With Bitcoin (or whatever crypto ends up winning the race), as it is approaching the economic mass and stability of the dollar, people will start to denominate contracts and prices in Bitcoin, which, I believe, will further stabilize its value. Every chunk of value in the economy that is denominated in a particular currency adds its mass to that currency's gravity. (For example, if a gold dealer sets his buy and sell prices in Bitcoin, now the gold he holds and/or is willing to buy at that price becomes a hedge against a change in the price of Bitcoin.) So I think there is a tipping point that would make things change quite quickly when they finally do change.
Pegs don't tend to work very well in practice. We've taken a financial markets and economic approach in creating the Arc Reserve Currency stablecoin. Details available on our website. Www.arccy.org
How do you find a trusted Oracle? Once you have a trustworthy Oracle, you have already solved the (hard part of the) problem.
With a working Oracle, you just set the rule such that if the price is to low, you reduce the mint rate and if it is to high, you increase the mint rate.
The mint rate can be negative. That means that the miner must pay to make a block.
The miner is payed the transaction fees for the block less the mint fee (plus or minus)
This allows a coin destruction rate equal to the value of the transaction fees per block.
The blockchain difficulty can be used as a proxy for the exchange rate. This is a measure of the cost of calculating the hashes. New technology can causes this to drop, but it is reasonably stable.
It measures the cost of computation. Even if this cost drops by 50% every 18 months or so, it is a still more stable than many crypto-coins.
Graphs of (price / difficulty) over time tend to be more stable than raw price over time.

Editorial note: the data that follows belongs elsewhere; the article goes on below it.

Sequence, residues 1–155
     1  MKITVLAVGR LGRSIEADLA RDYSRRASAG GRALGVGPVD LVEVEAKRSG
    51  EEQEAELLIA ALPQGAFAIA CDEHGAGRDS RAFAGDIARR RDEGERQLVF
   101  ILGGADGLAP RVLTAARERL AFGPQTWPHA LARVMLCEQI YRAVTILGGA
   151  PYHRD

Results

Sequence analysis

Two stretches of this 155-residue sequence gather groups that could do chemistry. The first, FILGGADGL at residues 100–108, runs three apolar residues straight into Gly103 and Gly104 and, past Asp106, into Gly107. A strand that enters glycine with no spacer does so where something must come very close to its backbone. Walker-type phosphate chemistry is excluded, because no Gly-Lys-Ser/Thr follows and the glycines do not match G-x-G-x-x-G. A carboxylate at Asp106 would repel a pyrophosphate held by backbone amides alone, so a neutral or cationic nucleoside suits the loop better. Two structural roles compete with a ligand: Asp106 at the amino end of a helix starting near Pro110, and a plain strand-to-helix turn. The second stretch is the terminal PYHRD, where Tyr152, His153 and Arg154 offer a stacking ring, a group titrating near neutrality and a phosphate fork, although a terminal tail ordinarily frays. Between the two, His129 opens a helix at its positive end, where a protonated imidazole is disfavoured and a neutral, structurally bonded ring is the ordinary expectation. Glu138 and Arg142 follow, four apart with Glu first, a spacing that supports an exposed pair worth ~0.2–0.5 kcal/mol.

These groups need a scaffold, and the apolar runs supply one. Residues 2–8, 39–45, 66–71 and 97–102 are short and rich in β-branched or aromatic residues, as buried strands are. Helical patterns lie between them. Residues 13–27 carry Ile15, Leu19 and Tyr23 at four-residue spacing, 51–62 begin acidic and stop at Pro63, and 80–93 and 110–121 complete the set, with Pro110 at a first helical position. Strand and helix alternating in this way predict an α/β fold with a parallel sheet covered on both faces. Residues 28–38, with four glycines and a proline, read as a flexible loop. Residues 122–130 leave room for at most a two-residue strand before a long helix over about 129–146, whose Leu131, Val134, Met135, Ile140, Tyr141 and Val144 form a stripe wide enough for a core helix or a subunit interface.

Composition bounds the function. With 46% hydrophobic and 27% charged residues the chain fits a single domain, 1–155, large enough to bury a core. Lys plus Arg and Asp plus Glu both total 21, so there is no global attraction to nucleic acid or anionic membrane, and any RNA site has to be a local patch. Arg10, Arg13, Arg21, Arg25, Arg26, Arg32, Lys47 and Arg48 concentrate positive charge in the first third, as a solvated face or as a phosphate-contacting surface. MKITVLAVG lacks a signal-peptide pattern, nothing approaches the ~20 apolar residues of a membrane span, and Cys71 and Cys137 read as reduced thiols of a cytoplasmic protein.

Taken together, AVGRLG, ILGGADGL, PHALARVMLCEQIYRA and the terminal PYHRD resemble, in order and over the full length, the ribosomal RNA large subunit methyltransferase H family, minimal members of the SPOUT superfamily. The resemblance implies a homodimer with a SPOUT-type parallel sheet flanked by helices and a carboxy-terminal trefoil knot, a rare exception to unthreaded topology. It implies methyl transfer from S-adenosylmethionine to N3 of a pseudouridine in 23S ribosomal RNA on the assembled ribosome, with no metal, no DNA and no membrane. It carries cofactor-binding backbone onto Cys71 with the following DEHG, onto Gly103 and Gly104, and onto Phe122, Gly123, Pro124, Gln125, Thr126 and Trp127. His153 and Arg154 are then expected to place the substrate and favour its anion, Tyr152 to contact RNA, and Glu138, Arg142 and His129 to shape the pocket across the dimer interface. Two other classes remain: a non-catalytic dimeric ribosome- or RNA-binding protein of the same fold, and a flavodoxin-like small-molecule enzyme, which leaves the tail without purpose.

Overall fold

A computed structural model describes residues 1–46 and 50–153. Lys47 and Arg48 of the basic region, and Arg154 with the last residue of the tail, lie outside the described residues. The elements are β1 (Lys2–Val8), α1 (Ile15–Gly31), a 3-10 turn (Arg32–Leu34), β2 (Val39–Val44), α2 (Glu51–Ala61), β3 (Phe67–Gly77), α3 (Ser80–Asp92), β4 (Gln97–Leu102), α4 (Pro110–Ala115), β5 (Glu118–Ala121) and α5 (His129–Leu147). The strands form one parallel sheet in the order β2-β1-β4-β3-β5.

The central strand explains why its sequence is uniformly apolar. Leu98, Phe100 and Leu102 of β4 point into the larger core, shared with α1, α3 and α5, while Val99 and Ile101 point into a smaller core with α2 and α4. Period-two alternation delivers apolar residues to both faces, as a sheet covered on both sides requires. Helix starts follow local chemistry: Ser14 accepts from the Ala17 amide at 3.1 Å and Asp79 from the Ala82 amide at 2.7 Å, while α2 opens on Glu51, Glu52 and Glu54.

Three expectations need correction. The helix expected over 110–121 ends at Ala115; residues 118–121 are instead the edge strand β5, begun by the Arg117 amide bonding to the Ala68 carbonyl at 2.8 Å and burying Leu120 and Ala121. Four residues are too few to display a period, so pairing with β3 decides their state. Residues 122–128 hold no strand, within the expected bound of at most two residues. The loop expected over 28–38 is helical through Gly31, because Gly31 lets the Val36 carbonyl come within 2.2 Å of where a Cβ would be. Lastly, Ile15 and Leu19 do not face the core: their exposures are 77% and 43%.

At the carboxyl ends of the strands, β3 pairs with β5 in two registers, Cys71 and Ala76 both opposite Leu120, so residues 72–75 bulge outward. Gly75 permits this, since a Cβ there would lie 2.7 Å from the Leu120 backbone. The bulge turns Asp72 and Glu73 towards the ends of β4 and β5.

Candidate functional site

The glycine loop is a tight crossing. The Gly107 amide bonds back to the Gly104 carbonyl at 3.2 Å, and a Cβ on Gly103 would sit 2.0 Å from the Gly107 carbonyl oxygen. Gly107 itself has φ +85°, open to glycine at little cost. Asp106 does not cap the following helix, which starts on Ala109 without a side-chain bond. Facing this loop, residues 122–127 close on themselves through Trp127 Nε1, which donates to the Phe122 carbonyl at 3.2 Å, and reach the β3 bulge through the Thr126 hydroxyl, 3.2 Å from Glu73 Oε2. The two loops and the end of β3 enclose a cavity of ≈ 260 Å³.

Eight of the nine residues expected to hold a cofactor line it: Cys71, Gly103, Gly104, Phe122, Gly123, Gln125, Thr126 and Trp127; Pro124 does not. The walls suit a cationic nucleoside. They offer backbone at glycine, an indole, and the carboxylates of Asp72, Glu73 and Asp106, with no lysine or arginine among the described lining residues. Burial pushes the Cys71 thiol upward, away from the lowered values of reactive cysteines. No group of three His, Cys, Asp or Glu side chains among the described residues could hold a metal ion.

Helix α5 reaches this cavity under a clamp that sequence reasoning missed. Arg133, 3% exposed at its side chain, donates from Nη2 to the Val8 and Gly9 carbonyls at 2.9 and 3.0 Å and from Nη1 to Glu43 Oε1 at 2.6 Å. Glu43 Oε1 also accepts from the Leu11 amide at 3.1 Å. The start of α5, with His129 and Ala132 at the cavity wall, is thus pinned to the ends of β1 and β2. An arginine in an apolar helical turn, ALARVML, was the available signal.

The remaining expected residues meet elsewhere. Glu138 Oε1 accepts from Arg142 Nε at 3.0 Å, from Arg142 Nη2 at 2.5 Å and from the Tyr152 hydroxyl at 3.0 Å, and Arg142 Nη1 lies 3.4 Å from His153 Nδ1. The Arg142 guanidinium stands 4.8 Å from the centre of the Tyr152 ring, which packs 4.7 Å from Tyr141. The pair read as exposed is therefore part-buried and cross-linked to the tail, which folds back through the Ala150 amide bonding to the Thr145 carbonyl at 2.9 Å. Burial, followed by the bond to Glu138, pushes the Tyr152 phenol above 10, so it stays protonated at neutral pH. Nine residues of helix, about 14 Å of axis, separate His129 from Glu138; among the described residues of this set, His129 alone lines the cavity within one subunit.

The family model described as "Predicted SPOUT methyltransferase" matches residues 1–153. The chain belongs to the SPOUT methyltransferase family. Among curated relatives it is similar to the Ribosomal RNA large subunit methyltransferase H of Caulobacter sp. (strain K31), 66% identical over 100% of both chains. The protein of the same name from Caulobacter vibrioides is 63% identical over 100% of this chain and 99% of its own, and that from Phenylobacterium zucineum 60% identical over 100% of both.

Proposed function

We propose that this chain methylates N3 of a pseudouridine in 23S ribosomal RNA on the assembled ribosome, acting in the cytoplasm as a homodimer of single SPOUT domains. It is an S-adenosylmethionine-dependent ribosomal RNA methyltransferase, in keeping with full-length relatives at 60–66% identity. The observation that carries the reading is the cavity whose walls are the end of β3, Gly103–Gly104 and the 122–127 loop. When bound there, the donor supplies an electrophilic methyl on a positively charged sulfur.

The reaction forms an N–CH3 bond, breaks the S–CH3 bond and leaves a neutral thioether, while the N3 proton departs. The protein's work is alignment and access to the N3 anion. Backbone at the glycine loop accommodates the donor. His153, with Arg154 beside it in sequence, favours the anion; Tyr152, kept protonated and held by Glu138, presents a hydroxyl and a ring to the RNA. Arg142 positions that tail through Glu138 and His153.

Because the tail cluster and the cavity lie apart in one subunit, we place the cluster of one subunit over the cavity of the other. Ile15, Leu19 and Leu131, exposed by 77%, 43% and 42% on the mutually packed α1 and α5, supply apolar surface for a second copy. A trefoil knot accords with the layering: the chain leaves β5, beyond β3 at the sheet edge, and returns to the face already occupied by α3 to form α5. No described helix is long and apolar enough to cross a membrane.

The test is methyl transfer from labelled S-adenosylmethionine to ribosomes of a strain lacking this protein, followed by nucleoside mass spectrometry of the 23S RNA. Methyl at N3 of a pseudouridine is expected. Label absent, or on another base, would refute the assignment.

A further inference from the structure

I am not sure what you mean by 'stable'. That sounds more or less an impossibility.
Bitcoin is designed to have a fixed number of units once the easy mining is done. This seems to me to make it more like gold, which fluctuates in value according to fear of instability in the market.
Bitcoin also has the advantage that panicky Chinese can easily use it to get money out of China, which is what I assume is the cause of its current run-up.
I arrived at Bitshares for similar reasons, though like you I'm not sure on the quality of their implementation.
However I'm not sure if targeting an exchange rate or price level is even the best goal for a cryptocurrency? Keeping in mind a blockchain is a massive public ledger of (hopefully) most transactions, an algorithmic central bank may have vastly more information at hand than a real central bank. It may therefore be much better able to match the supply of money with its demand.
Unfortunately I'm a software developer, and not well versed enough in monetary economics to go any further with this idea. I'd welcome any links or advice on this subject.
Cryptocurrencies have a couple of additional problems you didn't mention.
1 - Long transaction times. Currently, 15 minutes is good, several hours is not unusual. Not terrible compared to a bank wire, but totally useless for everyday shopping.
There may be technical fixes for this, but they seem unlikely to involve a public blockchain (at least for the first few minutes).
2 - The more serious problem is that ANYBODY CAN MAKE ONE.
The idea of Bitcoin is great, but as long as there are hundreds or thousands of competing currencies - and no social (or legal) consensus re which are commonly accepted, it's hard to use any as a medium-to-long term store of value.
Once there might have been a lot of issuers of gold and silver coins, but they were more or less interchangeable by weight (plus or minus purity of the metal). When governments accept money to settle tax bills, that gives some value to fiat currency.
But the crypto situation today is like some people using corn, others rice, others bricks, others marbles...as money. Except crpyto money has no intrinsic value at all, unlike those things.
It's a mess. I do think it'll settle out eventually, and we'll use crypto money for real. But not for a while.
I recall a non-crypto currency that was for a while gaining traction in Africa. That was cell phone minutes, issued by the cell phone company which was redeemed by paying the cell company the minute currency for consumption of phone time.
If a single cell phone company made a new crypto currency and fixed it to data usage (including voice as data) you then have a “hard” currency. If they took existng open source crypto currency models and modified it so the cell phone conpany (or a consortium) controlled it. Had the cell phone company issue the money in loans to customers, and businesses so long as they agreed to take payment in that money, had the cell company maintain an exchange site with floating exchange with government currency and fixed price in gold, then perhaps you could see a more stable crypto currency.